STEAM-Xplosion 2015 poster
The event will be held at the PCC Southeast Campus on Feb. 7, from 10 a.m. – 2:30 p.m. and will focus on bringing families who are traditionally underrepresented in technology together with inventors, app-developers and engineers.
STEAM, which stands for Science, Technology, Engineering, Art and Math, is an expansion of the STEM acronym, adding in the importance of Art to the sciences.
STEM represents one of the fastest growing sectors of the economy, according to the U.S. Department of Commerce. High paying STEM-related careers are expected to grow 17% through 2018 compared 10% of non-STEM jobs.
These jobs also lack diversity, with a disproportionate amount of white males in STEM careers. Black Parent Initiative organizer Angela Frazier said there is interest in STEM within the African American community.
“This is a field that minorities are underrepresented in -- and not because a lack of curiosity but more so a lack of awareness or a lack of opportunity,” Frazier said.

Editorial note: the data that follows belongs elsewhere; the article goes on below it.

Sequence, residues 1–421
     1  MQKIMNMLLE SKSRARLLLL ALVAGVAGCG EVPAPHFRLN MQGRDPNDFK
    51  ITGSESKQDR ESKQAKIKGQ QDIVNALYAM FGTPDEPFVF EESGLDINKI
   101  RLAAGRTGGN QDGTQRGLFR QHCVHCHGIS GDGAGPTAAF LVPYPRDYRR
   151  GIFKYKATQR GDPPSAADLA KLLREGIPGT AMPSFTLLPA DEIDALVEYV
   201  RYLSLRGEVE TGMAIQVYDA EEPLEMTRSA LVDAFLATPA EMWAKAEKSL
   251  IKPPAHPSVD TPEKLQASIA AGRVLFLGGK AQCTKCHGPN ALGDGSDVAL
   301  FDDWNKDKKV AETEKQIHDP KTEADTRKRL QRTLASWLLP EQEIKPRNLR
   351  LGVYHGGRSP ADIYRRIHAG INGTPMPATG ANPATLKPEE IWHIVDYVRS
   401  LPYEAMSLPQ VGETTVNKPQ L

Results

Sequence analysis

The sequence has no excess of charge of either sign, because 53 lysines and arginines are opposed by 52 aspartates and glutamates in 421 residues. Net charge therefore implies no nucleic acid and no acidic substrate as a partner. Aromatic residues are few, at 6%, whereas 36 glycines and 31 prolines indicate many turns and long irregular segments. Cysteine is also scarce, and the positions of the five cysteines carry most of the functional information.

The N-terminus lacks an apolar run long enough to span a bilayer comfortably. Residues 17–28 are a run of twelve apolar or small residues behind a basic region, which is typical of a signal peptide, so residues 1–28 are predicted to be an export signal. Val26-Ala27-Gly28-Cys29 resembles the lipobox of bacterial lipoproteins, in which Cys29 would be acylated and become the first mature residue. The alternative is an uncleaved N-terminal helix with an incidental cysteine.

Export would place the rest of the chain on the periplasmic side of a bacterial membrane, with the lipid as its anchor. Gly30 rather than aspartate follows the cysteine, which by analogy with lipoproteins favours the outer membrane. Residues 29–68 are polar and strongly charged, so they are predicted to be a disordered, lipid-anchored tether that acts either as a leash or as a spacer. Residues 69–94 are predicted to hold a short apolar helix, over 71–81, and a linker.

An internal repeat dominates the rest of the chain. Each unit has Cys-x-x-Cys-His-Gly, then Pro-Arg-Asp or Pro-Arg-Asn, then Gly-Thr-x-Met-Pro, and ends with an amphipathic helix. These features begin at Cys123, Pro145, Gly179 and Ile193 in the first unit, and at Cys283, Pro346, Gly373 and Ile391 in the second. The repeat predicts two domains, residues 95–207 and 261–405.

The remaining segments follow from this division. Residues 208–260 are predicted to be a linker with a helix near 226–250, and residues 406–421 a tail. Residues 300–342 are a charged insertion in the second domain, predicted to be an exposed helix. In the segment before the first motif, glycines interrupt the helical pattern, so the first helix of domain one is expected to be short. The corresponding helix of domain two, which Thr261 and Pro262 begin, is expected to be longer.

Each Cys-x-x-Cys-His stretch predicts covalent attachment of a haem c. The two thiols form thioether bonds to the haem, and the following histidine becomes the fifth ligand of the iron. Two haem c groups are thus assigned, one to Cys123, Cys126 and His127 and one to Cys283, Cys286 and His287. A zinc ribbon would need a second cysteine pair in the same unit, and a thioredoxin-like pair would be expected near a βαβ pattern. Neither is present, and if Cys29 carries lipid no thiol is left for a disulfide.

With the STEAM-Xplosion fair, BPI and PCC will use culturally relevant mentors to reach out parents and their children.
Such as Corey Frazier (no relation to Angela), a self-described “Air-Force Brat,” whose technology career path took him into Aerospace Engineering, where he worked with NASA on the space shuttle. Most recently, his career has brought him to Intel, where he works with supercomputing applications.
The STEAM event has separate offerings for parents and their children. Sessions aimed at parents offer advice on how to nurture their childrens’ interest in STEM and how to advocate for STEM education.
Some sessions for children are divided up by age and gender. There are activities for those as young as 4-years-old with Stacey Sowder’s chemistry demonstrations aimed at the young scientist.
The gendered break-out sessions provide safe places for boys and girls to explore STEM with their peers. Young women are encouraged to attend the Girls Inc. STEM Superstar Challenge with Karin Malbrough. Young men can check out the Brothaman Tech Incubator with Jomo Greenidge.
There are also workshops on application development, forensic science and renewable energy solutions.
According to Frazier, the event is intended to connect people with the ideas in STEM, but also to the people in the community who are using science and technology in their professional lives.
"It’s really nice to have those people that are local that will be there,” Frazier said “It gives young people an opportunity to meet with those people.”
To learn more or to RSVP for the event, click here.